Use this URL to cite or link to this record in EThOS: http://ethos.bl.uk/OrderDetails.do?uin=uk.bl.ethos.664284
Title: Enzymes involved in malaria parasite egress
Author: Penzo , Maria
ISNI:       0000 0004 5362 5047
Awarding Body: Open University
Current Institution: Open University
Date of Award: 2014
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Abstract:
The malaria parasite is a plague of humanity. Understanding its biology and blocking essential parasite biochemical pathways are ways of controlling and possibly defeating malaria. During its complex life cycle, the parasite undergoes cycles of asexual replication in erythrocytes, then egresses from them to invade fresh erythrocytes. An essential cascade involved in egress, which includes at least two enzymes, has recently been discovered in P. Jalciparum . The parasite cGMP-dependent kinase PKG triggers the discharge of a serine protease called SUBl from secretory organelles called exonemes and its subsequent activation. SUBl cleaves several parasite substrates, enabling egress and preparing the merozoites for invasion. Blocking either enzyme inhibits egress, making them potential antimalarial targets. Whilst the most dangerous cause of human malaria is Plasmodium Jalciparum, the zoonotic species P. knowlesi can also cause severe disease and death. P. knowlesi has recently been adapted to in vitro culture in human erythrocytes, providing an excellent tool to study this human pathogen in depth. Shedding light on the specificity and regulation of P. knowlesi PKG and SUBl will provide information about an important biochemical pathwaywhich may be conserved across human Pla'smod~um species. In this study, P. knowlesi PKG was characterized using selective inhibitors of the enzyme that block egress of P. knowlesi parasites in vitro.PkSUB 1 was expressed in a recombinant enzymatically active form and new selective inhibitors of PfSUBl and PkSUBl were designed using a combination of in silico,in vitro and substrate based approaches. Some of these compounds were shown to inhibit both egress and SUB1-mediated processing of endogenous parasite substrates. The results show that the essential role of PKG and SUBl in egress is conserved in P .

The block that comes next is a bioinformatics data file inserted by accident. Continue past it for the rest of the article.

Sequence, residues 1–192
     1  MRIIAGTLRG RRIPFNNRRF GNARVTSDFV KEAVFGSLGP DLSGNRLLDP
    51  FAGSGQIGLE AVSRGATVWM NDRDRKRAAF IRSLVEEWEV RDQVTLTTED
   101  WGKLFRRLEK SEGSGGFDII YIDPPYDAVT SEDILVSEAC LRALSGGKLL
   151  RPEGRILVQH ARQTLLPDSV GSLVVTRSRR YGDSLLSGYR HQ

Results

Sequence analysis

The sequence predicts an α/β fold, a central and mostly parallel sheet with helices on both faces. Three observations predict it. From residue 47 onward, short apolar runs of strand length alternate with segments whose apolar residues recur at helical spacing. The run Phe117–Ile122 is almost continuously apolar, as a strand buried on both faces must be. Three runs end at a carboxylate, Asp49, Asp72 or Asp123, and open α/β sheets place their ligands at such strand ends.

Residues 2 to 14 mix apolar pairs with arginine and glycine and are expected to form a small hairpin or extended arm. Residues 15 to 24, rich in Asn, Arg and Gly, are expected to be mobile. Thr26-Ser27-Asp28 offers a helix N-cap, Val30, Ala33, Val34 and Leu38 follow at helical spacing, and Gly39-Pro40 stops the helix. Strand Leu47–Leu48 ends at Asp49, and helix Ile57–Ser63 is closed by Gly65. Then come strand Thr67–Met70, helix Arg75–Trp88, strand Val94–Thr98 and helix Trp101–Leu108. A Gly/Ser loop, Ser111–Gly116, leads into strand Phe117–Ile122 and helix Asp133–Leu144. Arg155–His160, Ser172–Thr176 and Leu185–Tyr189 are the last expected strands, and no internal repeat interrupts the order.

Supervisor: Not available Sponsor: Not available
Qualification Name: Thesis (Ph.D.) Qualification Level: Doctoral
EThOS ID: uk.bl.ethos.664284  DOI: Not available
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